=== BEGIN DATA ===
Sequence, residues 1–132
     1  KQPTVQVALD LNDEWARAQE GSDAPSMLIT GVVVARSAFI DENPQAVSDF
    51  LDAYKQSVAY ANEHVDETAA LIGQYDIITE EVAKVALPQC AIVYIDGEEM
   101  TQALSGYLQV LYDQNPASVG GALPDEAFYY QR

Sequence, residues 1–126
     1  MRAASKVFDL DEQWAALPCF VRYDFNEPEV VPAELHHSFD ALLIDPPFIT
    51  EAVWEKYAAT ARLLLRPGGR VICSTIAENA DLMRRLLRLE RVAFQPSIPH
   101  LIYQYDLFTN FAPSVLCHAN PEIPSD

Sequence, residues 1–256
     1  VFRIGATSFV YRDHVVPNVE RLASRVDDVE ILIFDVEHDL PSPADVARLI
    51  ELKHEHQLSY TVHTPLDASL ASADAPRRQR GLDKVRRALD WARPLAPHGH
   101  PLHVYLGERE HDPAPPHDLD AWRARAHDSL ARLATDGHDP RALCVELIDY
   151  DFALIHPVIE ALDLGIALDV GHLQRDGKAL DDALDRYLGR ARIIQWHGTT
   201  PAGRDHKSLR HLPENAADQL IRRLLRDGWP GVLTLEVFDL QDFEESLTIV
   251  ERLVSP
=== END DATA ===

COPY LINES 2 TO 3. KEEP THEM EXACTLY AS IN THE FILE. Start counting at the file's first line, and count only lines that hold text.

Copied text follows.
     1  KQPTVQVALD LNDEWARAQE GSDAPSMLIT GVVVARSAFI DENPQAVSDF
    51  LDAYKQSVAY ANEHVDETAA LIGQYDIITE EVAKVALPQC AIVYIDGEEM